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Complete Trisomy 8 occurs in 0.8% of spontaneous pregnancy losses. Mosaic trisomy 8 is a well-known syndrome characterized by severe mental retardation, craniofacial dysmorphism, skeletal anomalies, complex congenital heart defect, and kidney malformations.

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Trisomy 8
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This girl with facial dysmorphism (high forehead, hypoplastic mandible) and low-set ears was diagnosed with a trisomy 8 mosaicism.

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Trisomy C; Trisomy 8s.

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Mosaicism is less common than what is often referred to as “full” trisomy. A mosaic exists when a person presents with trisomic cells in their body, but in the presence of normal chromosomic cells. The genetic error occurs during the division of cells after fertilization. Trisomy 8 is rarely observed at birth.

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Clinically evocated; patients with trisomy 8 mosaicism present with moderate mental retardation, multiple skeletal anomalies, urogenital malformations, congenital heart defects, deep palmar and plantar furrows, distinct facial dysmorphism, and agenesis of the corpus callosum.

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Clinical features involve head and face (simian crease seizures; expressionless facies; micrognathia; prominent forehead; large dysplastic ears; microphthalmia; strabismus; hypertelorism; corneal opacity; cataract, heterochromia; everted lips; highly arched or cleft palate and stretched) and skeleton (short neck; thin, elongated trunk; pectus carinatum; camptodactyly; clinodactyly; short metacarpal and metatarsal bones; absent or dysplastic patellae; multiple joint contractures; coxa valga; abnormal diaphyses and epiphyses of radial, femoral, and humeral bone; kyphoscoliosis, hemivertebrae; fusion of vertebrae; spina bifida; broad dorsal ribs). Abdominal and pelvic organs (hydronephrosis, ureteral reflux, cryptorchidism, malrotation or absence of gallbladder, jejunal duplication, gastric sarcoma) and thoracic organs (cardiac septal defects and great vessel anomalies) can present malformations. Deep palmar and plantar furrows are frequent.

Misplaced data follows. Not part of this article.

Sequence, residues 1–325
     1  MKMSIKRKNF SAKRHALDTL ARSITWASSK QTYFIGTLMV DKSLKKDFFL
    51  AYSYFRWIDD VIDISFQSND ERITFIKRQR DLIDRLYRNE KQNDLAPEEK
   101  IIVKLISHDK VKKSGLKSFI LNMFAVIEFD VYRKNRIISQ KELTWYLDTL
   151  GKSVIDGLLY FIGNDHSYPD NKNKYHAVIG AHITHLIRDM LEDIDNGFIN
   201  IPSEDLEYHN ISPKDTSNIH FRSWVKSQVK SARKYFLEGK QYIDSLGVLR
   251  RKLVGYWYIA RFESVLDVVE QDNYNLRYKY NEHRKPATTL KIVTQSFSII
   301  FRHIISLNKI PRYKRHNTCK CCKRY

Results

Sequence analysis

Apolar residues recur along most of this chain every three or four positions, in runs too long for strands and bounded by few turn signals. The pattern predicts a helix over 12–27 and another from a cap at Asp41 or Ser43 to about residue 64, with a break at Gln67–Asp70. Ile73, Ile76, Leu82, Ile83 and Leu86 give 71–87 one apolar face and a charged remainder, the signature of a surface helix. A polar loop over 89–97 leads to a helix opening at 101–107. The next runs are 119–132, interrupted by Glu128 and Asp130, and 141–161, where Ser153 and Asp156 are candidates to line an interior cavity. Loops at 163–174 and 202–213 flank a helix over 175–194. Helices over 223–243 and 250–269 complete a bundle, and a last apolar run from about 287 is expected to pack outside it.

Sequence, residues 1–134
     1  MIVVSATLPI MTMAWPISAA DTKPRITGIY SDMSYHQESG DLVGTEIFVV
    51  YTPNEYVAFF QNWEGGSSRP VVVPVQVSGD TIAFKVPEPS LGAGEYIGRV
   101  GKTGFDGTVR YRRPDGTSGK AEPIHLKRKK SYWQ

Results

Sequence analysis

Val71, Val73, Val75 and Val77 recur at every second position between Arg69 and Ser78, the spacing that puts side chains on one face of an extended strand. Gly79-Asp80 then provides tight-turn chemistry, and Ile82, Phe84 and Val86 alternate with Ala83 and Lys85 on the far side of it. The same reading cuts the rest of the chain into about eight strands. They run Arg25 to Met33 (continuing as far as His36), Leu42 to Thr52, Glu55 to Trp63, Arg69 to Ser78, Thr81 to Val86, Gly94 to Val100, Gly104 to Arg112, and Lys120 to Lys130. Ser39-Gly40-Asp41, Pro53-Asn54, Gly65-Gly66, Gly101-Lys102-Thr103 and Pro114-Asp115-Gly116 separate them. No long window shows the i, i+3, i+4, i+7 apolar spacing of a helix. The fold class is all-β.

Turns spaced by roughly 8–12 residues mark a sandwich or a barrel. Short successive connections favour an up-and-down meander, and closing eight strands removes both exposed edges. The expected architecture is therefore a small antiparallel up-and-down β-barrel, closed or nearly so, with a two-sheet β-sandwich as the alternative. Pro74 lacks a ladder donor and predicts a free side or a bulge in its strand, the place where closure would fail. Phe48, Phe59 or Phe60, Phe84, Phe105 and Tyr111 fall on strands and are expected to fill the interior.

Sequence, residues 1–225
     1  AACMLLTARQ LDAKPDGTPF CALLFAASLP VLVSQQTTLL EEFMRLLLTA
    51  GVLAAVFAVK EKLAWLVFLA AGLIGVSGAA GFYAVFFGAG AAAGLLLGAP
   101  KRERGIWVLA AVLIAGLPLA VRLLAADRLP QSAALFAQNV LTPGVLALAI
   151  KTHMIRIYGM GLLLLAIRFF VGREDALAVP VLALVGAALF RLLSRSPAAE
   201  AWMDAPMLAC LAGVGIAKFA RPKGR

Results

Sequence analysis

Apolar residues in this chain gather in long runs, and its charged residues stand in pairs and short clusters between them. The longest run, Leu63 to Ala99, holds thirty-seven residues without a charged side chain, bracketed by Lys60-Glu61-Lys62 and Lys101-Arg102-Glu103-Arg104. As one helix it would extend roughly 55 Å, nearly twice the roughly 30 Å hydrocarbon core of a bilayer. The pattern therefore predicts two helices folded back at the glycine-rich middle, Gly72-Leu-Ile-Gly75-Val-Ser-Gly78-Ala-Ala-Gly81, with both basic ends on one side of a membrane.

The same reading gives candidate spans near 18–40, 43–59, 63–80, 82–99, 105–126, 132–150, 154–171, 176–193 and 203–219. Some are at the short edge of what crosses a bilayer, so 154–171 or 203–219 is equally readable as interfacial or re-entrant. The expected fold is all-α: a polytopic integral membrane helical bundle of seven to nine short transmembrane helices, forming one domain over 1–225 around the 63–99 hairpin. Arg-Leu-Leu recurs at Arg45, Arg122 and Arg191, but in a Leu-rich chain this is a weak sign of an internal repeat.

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Evaluate cardiac function (clinical, echocardiography, ECG) and renal function (echography, urea, creatinine, electrolytes).

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Careful intraoperative positioning should be done (vertebral anomalies, joint contractures). Direct laryngoscopy and tracheal intubation can be difficult because of short neck and microretrognathia. Spontaneous respiration must be maintained at all times because face-mask fit may be difficult, and failure to intubate the trachea highly possible. The availability of a laryngeal mask airway and/or fiberoptic equipments is highly recommended. Venous access can be difficult because of limb anomalies. Perimedullar anesthesia is often contraindicated or difficult because of vertebral and spine anomalies.

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Consider anesthetic drug interaction with antiepileptic medications. Prophylactic antibiotics should be as indicated in case of cardiac defect. Preserve spontaneous ventilation before intubation is performed. Avoid anesthetic drugs with marked cardiovascular effect.

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Trisomy 8p: Duplication 8p with craniofacial defects, brevicollis with redundant skin folds, and mental retardation. High, prominent forehead; wide face in infancy; fleshy, everted lower lip; long and poorly defined philtrum with marked macrostomia and gingival hypertrophy; low nasal bridge and antevertebral nostrils; hyperextensibility of the finger joints; and hypoplastic nails. Cardiac malformations (33% of patients) are reported. Agenesis of the corpus callosum with severe epilepsy, spina ...

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